Because you cannot see or smell radon, the only way to tell if you are being exposed to the gas is by measuring radon levels. Exposure to radon in combination with cigarette smoking greatly increases the risk of lung cancer. That means for smokers, exposure to radon is an even greater health risk.

Another leading cause of lung cancer is on-the-job exposure to cancer-causing substances or carcinogens. Asbestos is a well-known, work-related substance that can cause lung cancer, but there are many others, including uranium, arsenic, and certain petroleum products.

There are many different jobs that may involve exposure. Some examples are working with certain types of insulation, working in coke ovens, and repairing brakes. When exposure to job-related carcinogens is combined with smoking, the risk of getting lung cancer is sharply increased.

A recent study published in the Journal of American Medical Association suggests that particulate matter pollution can cause lung cancer.

Lung cancer takes many years to develop. But changes in the lung can begin almost as soon as a person is exposed to cancer-causing substances. Soon after exposure begins, a few abnormal cells may appear in the lining of the bronchi (the main breathing tubes). If a person continues to be exposed to the cancer-causing substance, more abnormal cells will appear. These cells may be on their way to becoming cancerous and forming a tumor.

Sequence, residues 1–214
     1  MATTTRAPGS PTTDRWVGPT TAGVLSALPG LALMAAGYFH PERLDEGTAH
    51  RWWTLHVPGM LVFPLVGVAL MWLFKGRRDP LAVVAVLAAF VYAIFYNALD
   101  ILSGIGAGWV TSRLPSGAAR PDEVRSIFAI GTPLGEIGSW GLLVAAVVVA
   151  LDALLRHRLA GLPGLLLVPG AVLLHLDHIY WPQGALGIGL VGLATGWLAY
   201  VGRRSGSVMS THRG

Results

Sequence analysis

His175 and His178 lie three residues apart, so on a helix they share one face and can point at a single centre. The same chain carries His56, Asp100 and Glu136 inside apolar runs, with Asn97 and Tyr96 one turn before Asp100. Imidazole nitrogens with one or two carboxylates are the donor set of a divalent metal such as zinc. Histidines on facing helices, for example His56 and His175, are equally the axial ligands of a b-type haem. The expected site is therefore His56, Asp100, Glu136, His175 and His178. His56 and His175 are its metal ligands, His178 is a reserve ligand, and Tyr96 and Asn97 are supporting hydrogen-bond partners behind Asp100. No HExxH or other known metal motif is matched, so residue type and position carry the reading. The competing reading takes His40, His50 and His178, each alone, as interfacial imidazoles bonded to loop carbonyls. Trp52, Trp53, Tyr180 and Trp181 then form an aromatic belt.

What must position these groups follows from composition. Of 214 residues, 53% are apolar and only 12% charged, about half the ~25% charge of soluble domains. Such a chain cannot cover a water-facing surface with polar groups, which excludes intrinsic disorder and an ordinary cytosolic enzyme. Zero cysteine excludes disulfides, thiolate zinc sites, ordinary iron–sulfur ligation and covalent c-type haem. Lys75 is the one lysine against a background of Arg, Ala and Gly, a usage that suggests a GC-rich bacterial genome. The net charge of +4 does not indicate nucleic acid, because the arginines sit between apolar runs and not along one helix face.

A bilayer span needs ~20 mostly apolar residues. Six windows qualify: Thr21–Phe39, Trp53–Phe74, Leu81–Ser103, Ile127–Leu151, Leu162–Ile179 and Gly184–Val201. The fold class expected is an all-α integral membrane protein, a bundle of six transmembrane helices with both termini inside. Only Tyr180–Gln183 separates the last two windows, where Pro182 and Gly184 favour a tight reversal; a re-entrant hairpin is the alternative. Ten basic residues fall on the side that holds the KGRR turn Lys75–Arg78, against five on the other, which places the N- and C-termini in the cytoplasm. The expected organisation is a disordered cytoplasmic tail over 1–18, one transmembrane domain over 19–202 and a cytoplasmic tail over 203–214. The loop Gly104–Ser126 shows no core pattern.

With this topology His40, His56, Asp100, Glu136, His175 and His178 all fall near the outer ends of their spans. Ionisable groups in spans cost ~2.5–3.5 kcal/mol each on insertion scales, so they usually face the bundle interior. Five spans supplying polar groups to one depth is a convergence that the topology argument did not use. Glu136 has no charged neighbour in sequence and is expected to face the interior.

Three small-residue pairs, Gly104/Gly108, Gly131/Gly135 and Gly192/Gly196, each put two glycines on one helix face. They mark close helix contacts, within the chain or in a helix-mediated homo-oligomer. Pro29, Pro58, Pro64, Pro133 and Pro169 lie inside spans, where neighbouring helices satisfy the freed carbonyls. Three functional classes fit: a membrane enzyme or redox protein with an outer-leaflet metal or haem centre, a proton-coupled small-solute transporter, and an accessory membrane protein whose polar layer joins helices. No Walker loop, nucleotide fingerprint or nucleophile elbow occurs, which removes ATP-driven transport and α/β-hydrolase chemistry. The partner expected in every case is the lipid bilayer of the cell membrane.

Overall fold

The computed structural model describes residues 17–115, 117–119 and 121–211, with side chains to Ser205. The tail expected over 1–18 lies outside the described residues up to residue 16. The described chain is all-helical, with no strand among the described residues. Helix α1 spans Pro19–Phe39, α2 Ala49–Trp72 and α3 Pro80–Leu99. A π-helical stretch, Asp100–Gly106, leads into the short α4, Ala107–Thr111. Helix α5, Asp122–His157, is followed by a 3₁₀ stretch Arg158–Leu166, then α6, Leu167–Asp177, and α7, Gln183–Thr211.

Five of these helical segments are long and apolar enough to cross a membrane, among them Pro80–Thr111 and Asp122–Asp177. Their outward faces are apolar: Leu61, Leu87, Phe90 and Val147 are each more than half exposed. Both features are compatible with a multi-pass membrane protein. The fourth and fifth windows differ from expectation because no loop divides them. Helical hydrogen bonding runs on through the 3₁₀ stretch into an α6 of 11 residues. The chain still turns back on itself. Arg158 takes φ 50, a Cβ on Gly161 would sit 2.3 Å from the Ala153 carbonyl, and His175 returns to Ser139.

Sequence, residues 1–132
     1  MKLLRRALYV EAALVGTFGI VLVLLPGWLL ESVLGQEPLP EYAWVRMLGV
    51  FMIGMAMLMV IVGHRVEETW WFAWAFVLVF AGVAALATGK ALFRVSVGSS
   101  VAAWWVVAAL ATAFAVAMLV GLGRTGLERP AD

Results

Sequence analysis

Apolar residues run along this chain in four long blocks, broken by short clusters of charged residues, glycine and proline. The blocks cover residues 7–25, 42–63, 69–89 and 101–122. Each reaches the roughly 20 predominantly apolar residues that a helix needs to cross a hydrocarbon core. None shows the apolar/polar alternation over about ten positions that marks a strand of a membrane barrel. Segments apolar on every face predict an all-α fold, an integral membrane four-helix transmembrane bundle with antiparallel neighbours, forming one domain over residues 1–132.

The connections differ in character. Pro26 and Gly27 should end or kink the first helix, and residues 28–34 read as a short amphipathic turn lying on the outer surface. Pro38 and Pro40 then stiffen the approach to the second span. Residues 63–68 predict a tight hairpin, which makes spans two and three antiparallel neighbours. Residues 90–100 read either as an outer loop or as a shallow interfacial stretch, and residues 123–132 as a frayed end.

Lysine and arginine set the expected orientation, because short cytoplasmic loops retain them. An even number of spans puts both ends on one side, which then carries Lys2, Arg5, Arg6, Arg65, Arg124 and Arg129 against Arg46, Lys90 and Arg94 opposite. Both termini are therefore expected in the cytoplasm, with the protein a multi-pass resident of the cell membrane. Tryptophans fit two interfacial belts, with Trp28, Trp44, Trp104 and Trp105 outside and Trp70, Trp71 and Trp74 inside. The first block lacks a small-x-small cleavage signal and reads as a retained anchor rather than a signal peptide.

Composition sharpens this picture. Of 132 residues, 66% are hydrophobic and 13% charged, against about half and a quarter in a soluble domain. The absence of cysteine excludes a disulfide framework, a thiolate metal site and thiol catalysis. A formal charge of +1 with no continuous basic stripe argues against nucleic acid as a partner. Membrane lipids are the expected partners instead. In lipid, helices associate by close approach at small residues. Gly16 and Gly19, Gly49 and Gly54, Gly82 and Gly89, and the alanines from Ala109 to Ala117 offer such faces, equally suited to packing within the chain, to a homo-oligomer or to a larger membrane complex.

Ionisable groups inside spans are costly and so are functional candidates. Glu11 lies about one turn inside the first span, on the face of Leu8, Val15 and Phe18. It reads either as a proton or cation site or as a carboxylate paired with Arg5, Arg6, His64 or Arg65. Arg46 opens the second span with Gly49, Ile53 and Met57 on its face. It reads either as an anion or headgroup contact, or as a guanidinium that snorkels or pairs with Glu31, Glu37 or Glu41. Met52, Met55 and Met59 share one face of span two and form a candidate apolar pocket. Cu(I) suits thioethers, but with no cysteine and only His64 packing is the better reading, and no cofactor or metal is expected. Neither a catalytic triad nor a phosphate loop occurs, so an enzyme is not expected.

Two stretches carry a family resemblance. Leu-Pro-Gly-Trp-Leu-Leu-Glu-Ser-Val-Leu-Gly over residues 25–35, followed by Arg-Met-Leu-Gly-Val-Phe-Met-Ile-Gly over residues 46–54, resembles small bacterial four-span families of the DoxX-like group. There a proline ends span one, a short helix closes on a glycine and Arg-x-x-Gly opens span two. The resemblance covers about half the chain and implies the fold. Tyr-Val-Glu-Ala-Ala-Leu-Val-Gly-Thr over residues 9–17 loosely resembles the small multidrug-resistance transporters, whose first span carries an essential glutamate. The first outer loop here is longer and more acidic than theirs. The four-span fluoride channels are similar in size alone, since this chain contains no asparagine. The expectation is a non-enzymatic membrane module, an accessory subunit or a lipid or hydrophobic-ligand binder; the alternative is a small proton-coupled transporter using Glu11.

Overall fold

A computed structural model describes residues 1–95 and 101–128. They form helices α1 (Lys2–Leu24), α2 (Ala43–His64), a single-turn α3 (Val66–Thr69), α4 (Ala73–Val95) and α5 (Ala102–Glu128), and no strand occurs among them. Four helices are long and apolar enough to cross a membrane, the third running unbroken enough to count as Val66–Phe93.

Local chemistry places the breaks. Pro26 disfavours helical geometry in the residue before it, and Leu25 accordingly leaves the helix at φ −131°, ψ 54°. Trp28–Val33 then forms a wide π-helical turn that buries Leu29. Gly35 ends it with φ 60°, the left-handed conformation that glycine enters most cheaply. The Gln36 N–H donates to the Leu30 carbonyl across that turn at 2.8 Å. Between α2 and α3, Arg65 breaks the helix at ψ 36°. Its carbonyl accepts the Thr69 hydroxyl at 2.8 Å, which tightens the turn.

In its early stages, lung cancer usually does not cause symptoms. When symptoms occur, the cancer is often advanced. Symptoms of lung cancer include:

  • Chronic cough
  • Hoarseness
  • Coughing up blood
  • Weight loss & loss of appetite
  • Shortness of breath
  • Fever without a known reason
  • Wheezing
  • Repeated bouts of bronchitis or pneumonia
  • Chest pain

These conditions are also symptomatic of many other lung problems, so a person who has any of these symptoms should see a doctor to find out the cause. When a person goes for an exam, the doctor ask many questions about the person’s medical history, including questions about the patient’s exposure to hazardous substances. The doctor will also give the patient a physical exam. If the patient has a cough that produces a sputum (mucus), it may be examined for cancer cells. The doctor will order a chest X-ray or specialized X-ray such as the CT scan, which help to locate any abnormal spots in the lungs. The doctor may insert a small tube called a bronchoscope through the nose or mouth and down the throat, to look inside the airways and lungs and take a sample, or biopsy, of the tumor. This is just one of several ways in which a doctor may take a biopsy sample.